LAKE BUENA VISTA, Fla. — Finding a job was pretty easy for Josh Donaldson.
Proving he can keep it will be the tough part.
The 2015 American League MVP didn't have to wait long for a new opportunity on the diamond, signing a one-year, $23 million contract with the Atlanta Braves less than a month after the World Series ended.
"I didn't expect it to go that quickly," the third baseman said Wednesday, the day before his first organized workout with the 2018 National League East Division champions. "It was my first time in free agency, so I had something of an idea, but you don't really know.
"I was very happy with the timing of it. They gave me the ease of the entire offseason to know which team I was going to be with."
At 33 and coming off two straight injury-riddled seasons, the three-time All-Star (2014-16) understood his market value had changed — and that he would have to prove he can play an entire season.
"I wasn't expecting much (contract) length," said Donaldson, who made his MLB debut with the Oakland Athletics in 2010 and has also played for the Toronto Blue Jays and the Cleveland Indians. "I think you have to be realistic in what you're looking for. One year, I felt, was a great opportunity to come here and help this organization.
"I feel like if I go out and play well, there could be a chance for more years after this."
After finishing among the top eight in AL MVP voting four straight times and winning the award with Toronto in 2015, when he led the league in RBIs and runs scored, Donaldson was limited to 113 games by a calf injury in 2017. Last season, due mostly to a shoulder injury, he played in a total of 52 games with the Blue Jays and the Indians, to whom he was traded in August.
"I'm not a robot," he said. "Everybody, if they play long enough, is going to deal with injuries — 2017 was the first time I've missed time due to an injury. Then 2018 was a lost season because of injuries. As we continue in our careers, our bodies are constantly evolving, and we're just trying to be ahead of that and focus on being as efficient and as strong as possible."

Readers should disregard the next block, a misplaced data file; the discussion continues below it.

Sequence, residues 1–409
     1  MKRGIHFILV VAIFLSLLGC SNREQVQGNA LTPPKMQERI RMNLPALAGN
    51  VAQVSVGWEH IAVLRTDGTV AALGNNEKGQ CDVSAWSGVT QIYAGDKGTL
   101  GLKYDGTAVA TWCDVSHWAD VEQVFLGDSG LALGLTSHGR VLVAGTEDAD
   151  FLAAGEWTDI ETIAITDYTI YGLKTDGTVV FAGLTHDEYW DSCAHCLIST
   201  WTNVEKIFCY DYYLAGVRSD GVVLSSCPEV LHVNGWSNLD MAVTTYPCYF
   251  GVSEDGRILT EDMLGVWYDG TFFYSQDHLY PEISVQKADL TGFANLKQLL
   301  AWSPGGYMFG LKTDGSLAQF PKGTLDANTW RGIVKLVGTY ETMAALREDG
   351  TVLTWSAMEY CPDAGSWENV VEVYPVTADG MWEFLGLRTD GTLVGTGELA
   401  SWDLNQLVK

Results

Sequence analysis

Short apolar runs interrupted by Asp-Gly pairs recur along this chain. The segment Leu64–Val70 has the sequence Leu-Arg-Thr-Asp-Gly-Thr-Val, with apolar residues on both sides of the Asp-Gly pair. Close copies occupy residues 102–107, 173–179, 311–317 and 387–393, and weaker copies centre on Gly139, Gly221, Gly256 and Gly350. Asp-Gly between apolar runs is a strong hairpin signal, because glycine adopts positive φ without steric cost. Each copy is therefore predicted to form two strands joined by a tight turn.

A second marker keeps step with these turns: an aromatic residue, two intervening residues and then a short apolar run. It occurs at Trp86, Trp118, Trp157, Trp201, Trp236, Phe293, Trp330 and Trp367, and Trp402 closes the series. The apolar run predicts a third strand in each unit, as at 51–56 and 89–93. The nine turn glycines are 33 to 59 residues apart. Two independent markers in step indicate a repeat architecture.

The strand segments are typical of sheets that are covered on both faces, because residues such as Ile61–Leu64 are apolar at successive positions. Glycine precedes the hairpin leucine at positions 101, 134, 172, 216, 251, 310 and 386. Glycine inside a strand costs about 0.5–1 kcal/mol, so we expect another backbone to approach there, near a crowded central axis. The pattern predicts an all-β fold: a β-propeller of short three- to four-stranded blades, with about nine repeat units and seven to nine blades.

Donaldson spent the offseason working on his lower body, trying to gain strength in his feet and toes and improve his mobility.
"When I was 26, 27 years old, I felt I could go out there and and tear a hamstring, and the next day I could be fine," he said. "The older you get into your career and the more evolved you get into your career, you know you're going to have to deal with things a little better."
While acknowledging he had little familiarity with the former American Leaguer when Atlanta agreed to the deal with Donaldson, Braves manager Brian Snitker knew the player would be a good fit when he called him soon after the signing.
"I can tell the energy with which he plays, the intensity with which he plays and the focus on winning," said Snitker, whose initial plan is for Donaldson to bat second, play third and stay healthy.
Donaldson, who grew up as a Braves fan in Florida and Alabama — he played college baseball at Auburn — has a sense of coming home at a crucial point in his career.
"I just have a little more to prove this year," he said, "than probably in years past."
Although Thursday will mark the Braves' first full-squad workout, the routine won't be much different from the past three days, with everybody having reported.
"We'll have some team-oriented things in, we'll start working on some fundamentals," Snitker said. "That'll be the biggest change."
As for Saturday's exhibition opener against the New York Mets in Port St. Lucie, right-hander Touki Toussaint and left-hander Kolby Allard are set to pitch for the Braves.